North Dakota lawyer files $6M lawsuit against judge and cops, alleges they fabricated evidence

Attorney Henry Howe, seen Nov. 12, 2014, at Thompson Law Office in Grand Forks, has filed a lawsuit accusing a North Dakota judge and investigators of fabricating evidence and giving false testimony. Logan Werlinger / Grand Forks Herald

GRAND FORKS — One judge, one sheriff’s deputy and two special agents with the North Dakota Bureau of Criminal Investigation are facing a lawsuit that seeks $6 million in damages and accuses them of fabricating evidence and giving false testimony in a high-profile case.

Henry H. Howe, 78, a longtime defense attorney in Grand Forks, was arrested during a meeting inside the Walsh County Courthouse on Jan. 30, 2014, and charged with conspiracy to commit murder and later with criminal conspiracy to tamper with a witness.

The criminal charges against Howe stemmed from allegations by a confidential informant with a lengthy criminal history, including lying to police, according to the lawsuit filed in federal court Wednesday, Jan. 29. Howe was arrested because authorities believed he was conspiring with two convicted drug felons and the confidential informant, who was the prosecution’s star witness, to kill a key witness in a drug cartel case. The hit was allegedly to benefit Paul Lysengen, one of Howe’s clients at the time.

The case against Howe was dismissed less than four months later by Barbara Whelan, then the Walsh County State’s Attorney. Whelan is now a Walsh County District Court judge who is one of the defendants that Howe is suing.

“We filed our brief on May 8, and within an hour she dismissed the case” against Howe, said David C. Thompson, Howe's attorney. “It’s very unusual that a case gets dismissed at all, unless it’s part of a plea bargain. This case? They just bailed. And they ruined this guy’s life.”


Although the charges against Howe were dismissed, the lawsuit alleges he suffered irreparable harm from the coordinated or reckless actions of Whelan, BCI agents Steven Gilpin and Scott Kraft, and Grand Forks County Sheriff’s Deputy Delicia Glaze.

The four defendants were all involved in the initial criminal case against Howe.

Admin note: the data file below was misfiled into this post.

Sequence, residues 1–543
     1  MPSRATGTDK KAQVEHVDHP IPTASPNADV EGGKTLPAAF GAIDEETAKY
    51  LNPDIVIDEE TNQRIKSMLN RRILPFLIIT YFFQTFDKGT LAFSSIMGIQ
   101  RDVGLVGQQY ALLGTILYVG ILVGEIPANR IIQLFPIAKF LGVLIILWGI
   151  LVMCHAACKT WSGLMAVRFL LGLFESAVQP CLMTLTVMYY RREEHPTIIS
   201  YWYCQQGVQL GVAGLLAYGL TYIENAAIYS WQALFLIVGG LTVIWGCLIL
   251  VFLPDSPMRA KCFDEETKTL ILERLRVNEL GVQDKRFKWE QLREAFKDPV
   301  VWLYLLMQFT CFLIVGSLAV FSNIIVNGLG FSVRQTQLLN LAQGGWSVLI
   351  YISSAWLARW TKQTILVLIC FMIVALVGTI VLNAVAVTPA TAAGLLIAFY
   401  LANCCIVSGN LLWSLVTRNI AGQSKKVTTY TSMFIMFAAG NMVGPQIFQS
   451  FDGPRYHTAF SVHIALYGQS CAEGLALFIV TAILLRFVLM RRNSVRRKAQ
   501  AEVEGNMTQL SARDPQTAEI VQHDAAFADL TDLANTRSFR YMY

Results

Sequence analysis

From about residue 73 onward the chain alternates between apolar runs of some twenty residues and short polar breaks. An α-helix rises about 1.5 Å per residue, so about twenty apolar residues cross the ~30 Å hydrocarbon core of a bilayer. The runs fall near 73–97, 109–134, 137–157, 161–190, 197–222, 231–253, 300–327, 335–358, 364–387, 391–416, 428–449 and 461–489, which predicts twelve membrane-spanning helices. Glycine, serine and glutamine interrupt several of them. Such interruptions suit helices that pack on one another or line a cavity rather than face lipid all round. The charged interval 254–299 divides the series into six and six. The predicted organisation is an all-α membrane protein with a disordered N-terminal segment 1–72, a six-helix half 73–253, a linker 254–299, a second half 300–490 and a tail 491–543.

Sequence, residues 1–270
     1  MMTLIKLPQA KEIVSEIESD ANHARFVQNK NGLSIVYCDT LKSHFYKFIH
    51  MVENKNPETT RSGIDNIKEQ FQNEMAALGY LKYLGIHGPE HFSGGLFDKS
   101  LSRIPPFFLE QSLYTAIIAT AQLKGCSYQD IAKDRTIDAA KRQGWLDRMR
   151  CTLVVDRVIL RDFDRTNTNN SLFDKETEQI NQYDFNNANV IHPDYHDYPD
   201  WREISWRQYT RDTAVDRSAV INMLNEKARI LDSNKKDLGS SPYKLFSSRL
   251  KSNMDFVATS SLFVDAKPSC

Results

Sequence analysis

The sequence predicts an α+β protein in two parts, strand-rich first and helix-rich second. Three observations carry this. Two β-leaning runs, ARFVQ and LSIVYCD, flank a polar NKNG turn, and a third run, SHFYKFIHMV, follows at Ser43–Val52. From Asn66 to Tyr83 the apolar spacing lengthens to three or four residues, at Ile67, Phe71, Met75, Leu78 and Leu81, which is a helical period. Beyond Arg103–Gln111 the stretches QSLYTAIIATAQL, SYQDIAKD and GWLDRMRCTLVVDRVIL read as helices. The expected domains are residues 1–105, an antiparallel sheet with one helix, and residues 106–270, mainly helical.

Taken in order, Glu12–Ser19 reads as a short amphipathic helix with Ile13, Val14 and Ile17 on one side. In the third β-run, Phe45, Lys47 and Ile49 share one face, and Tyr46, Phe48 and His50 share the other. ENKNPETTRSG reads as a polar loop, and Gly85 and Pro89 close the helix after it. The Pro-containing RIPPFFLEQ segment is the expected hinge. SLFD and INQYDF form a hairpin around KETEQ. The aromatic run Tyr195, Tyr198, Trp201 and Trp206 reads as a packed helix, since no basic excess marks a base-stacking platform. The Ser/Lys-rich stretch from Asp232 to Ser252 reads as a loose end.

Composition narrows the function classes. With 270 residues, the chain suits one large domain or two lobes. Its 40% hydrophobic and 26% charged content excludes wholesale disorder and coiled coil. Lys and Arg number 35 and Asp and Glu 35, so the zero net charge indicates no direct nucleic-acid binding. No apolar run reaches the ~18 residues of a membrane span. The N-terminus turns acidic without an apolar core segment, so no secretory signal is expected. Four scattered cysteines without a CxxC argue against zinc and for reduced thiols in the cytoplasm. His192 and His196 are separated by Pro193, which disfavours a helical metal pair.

Soon after Howe’s arrest, the North Dakota Supreme Court suspended Howe's law license in an emergency action. His license was later reinstated, Thompson said.

Thompson, a Grand Forks attorney, has requested a jury trial to decide the lawsuit, and is seeking $3 million in compensatory damages and $3 million in punitive damages, plus attorney’s fees.

The lawsuit alleges the defendants either worked together out of malice against Howe, or were recklessly incompetent. The suit also claims the defendants “intentionally or recklessly” cultivated the informant whom they allegedly knew was a “career criminal and habitual liar.”

“Once we put it together and stood back and looked at it, we think they knew about (the informant’s) background. I think it is criminal for them to do something like that intentionally," Thompson said.

The suit alleges each defendant had a personal ax to grind against Howe. “This was basically a case of vindictiveness for Henry doing his job effectively,” Thompson said.

In 2013, while Howe was defending a man accused of eight felony counts of gross sexual imposition and one felony count of reckless endangerment, Howe was able to obtain audio recordings that he believed proved the contact was consensual. He approached Whelan about the matter and, “Ms. Whelan went ‘ballistic,’ screaming at Mr. Howe in her office at the Walsh County Courthouse,” the lawsuit stated.


Whelan later filed complaints against Howe’s physical and mental well being with the disciplinary board of the North Dakota Supreme Court, according to the lawsuit.

The suit claims Deputy Glaze resented Howe for exposing false testimony given under oath that resulted in a dismissal of a felony drug case. Agents Gilpin and Kraft are also named in the complaint because they allegedly held grudges against Howe for successfully defending clients in property seizure and drug cases.

The lawsuit alleges that the defendants failed to investigate or “vet” the informant. In Becker County, Minn., the informant claimed in 2004 that he had knowledge of a murder-for-hire plot, which was later proven bogus, according to the lawsuit.

In a 2004 case stemming from Nebraska, the informant told jail officials of another murder-for-hire plot while he was incarcerated, a claim that was later also proven false. Furthermore, the informant was involved in swindling luxury SUVs from car dealerships in Fergus Falls, Minn., in 2003, 2004 and 2005, the lawsuit stated.

The informant was “just the man for the job for defendants,” the lawsuit stated. “Clearly, the defendants… either had actual knowledge of (the informant's) criminal history… or the defendants acted with reckless disregard of (the informant's) past — a past which was easily discoverable from public records.”

The “deliberate falsehood” or the “reckless disregard for the truth” caused Howe to be falsely charged, jailed and lose his license to be an attorney, the lawsuit stated.

Phone messages left Wednesday for Whelan and Grand Forks Sheriff’s Office Capt. Joel Lloyd were not immediately returned. BCI spokesperson Liz Brocker declined to comment.

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